Tuesday, December 21, 2004

The Battle For Social Security

In the upcoming battle over Social Security "reform" Democrats need to be united in their opposition to the Republican plan to gut the signature program of Democratic politics. But we also need to deal with the inevitable claims that such opposition is simply a knee-jerk opposition to reform. We can't do it by simply denying it nor can we do it by offering counter reform proposals. The first will just lead to a childish "are-to/are-not" debate while the latter will simply give weight to the underlying argument of the critics of Social Security. They want people to believe that Social Security needs reforming. If Democrats offer a counter-proposal then they have already ceded 3/4 of the battlefield to the Republicans.

We must repeat again and again and again the following mantra: "Social Security is the most successful government program ever instituted and is as healthy as it has ever been". Then challenge the nay Sayers to prove otherwise.


Challenge that assumption in any form it is presented.

If something needs to be fixed then that means that it is broken. Social Security is not broken. It has the most stable funding base of any government program in existence (even defense appropriations have to be approved from year to year). It is as solvent today as it was the day it was created.

We need to be clear on this. Democrats are not opposed to reform when reform is needed. In the case of Social Security, it is not needed.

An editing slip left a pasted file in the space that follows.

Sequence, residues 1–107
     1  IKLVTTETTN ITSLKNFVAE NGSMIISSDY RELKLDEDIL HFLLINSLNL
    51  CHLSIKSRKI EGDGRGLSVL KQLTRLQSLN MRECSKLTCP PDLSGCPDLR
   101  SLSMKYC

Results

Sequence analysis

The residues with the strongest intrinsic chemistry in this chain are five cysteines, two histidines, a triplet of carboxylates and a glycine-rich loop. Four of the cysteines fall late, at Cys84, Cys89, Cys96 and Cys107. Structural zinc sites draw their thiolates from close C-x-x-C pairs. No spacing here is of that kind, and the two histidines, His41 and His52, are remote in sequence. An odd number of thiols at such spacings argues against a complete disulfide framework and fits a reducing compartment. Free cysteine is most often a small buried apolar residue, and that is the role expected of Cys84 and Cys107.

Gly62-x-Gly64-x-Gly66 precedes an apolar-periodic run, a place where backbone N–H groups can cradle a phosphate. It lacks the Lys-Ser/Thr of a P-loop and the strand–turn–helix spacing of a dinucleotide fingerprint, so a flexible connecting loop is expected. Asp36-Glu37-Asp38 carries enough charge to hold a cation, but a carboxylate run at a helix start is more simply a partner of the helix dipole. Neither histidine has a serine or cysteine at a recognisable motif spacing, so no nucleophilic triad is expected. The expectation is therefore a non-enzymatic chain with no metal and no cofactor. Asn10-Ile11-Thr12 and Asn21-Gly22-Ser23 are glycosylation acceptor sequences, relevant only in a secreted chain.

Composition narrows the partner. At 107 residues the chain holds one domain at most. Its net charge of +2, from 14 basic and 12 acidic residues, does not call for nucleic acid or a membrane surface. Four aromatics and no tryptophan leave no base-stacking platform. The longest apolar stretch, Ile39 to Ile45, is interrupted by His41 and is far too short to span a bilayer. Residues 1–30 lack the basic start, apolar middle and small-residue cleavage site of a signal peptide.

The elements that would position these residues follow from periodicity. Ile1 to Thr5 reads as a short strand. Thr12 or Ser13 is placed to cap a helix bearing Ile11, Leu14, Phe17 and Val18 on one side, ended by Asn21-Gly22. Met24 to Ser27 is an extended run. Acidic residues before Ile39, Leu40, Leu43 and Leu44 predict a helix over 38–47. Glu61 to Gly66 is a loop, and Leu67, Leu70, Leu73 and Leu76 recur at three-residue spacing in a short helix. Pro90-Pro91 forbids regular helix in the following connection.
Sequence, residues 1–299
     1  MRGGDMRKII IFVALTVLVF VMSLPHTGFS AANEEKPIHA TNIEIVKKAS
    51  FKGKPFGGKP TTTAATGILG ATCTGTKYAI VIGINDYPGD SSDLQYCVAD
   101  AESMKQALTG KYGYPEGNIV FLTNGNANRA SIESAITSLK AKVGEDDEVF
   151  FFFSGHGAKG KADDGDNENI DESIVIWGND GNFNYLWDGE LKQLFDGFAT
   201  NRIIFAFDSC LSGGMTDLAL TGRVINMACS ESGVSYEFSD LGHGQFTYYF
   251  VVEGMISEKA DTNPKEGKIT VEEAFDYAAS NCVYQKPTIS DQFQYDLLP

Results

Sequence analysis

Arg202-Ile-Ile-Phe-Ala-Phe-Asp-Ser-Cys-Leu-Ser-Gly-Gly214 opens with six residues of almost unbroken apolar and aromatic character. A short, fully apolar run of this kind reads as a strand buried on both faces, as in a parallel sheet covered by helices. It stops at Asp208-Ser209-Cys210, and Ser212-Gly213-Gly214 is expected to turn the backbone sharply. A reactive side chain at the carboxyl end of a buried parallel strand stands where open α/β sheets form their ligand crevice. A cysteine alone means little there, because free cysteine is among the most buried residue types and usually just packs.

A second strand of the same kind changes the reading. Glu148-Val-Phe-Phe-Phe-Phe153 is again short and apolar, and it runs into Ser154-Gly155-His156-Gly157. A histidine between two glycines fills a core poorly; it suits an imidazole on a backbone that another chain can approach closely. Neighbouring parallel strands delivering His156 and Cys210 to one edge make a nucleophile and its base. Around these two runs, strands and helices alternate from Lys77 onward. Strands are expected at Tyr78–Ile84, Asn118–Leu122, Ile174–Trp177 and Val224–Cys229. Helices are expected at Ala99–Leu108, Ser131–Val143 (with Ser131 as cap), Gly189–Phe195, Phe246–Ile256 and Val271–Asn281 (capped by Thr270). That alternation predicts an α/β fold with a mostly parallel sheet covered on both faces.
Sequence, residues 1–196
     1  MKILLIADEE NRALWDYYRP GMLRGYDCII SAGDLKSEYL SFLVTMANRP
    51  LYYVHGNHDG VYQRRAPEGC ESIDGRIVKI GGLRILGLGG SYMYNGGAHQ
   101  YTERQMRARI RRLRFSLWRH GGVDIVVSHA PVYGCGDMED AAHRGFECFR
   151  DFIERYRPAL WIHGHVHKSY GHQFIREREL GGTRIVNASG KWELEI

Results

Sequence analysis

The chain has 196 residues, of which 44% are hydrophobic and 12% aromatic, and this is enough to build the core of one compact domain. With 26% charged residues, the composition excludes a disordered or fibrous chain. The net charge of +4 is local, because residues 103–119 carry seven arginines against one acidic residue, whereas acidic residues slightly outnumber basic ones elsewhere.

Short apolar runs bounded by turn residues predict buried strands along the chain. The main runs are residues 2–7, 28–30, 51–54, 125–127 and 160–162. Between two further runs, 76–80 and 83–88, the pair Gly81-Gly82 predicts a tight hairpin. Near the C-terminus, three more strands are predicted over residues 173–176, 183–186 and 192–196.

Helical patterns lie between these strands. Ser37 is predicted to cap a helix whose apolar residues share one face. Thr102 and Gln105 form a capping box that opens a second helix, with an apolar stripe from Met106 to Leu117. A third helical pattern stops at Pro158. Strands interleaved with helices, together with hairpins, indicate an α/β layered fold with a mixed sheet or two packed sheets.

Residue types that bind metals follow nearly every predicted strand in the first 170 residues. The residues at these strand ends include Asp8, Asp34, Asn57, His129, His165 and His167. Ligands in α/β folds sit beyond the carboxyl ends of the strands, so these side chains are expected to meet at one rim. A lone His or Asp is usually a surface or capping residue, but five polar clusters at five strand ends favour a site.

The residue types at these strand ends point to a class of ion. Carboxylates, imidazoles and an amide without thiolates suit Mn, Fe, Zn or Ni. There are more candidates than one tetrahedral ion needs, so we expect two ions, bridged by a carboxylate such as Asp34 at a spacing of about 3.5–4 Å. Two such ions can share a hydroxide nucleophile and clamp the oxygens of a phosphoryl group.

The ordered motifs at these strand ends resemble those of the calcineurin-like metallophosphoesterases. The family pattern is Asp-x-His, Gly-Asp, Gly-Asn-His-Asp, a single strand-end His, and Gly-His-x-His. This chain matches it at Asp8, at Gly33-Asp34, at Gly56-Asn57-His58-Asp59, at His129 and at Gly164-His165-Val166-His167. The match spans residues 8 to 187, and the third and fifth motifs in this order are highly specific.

Once you adopt this as your baseline then the rest of the argument will follow, including the fact that the proponents of reform are being consistently disingenuous (i.e., lying) about the need for fundamental change.

NOTE: Avoid getting into a debate about the motives of the reformers. Doing so will simply divert the debate away from the essential point that "Social Security is the most successful government ever instituted and is as healthy as it has ever been."

This is absolutely essential. Technically, we don't have the votes to stop them gutting Social Security if they want to. But if they have to do it in an entirely non-partisan fashion then it will be a lot harder for them to get some of the more moderate Republicans on board. Just as an example, the Save Social Security blog (an essential resource in this fight) has the Republican Senator Gordon Smith from my own state of Oregon listed as being on the fence ("Recognizes the need for some kind of reform, but has not decided on either the measure or the depth of the fix required"). That's a big clue right there that the Republicans are not united behind Bush on the need for fundamental Social Security reform.

If the Democrats can stay united on this they can hang this albatross around the Republicans and make them pay for it big time (think the hurt Democrats went through in '94 after the Clinton Health Care plan failed).

If the Democrats can stay united they might even be able to break the Republican coalition and hand Bush a defeat on the signature issue of his second term (so much for that "political capital" eh?)

But this can happen only if Democrats do not give the Republicans a bi-partisan lifeline. This is why any Democrat who is even considering cooperating should hear the message loud and clear that they will suffer dearly if they go along.

Democratic leaders must learn to fear their own constituency more than the squawking of the Republican right. But this will require that we are united in our efforts to keep the Democrat leaders united.

This is the line in the sand folks.


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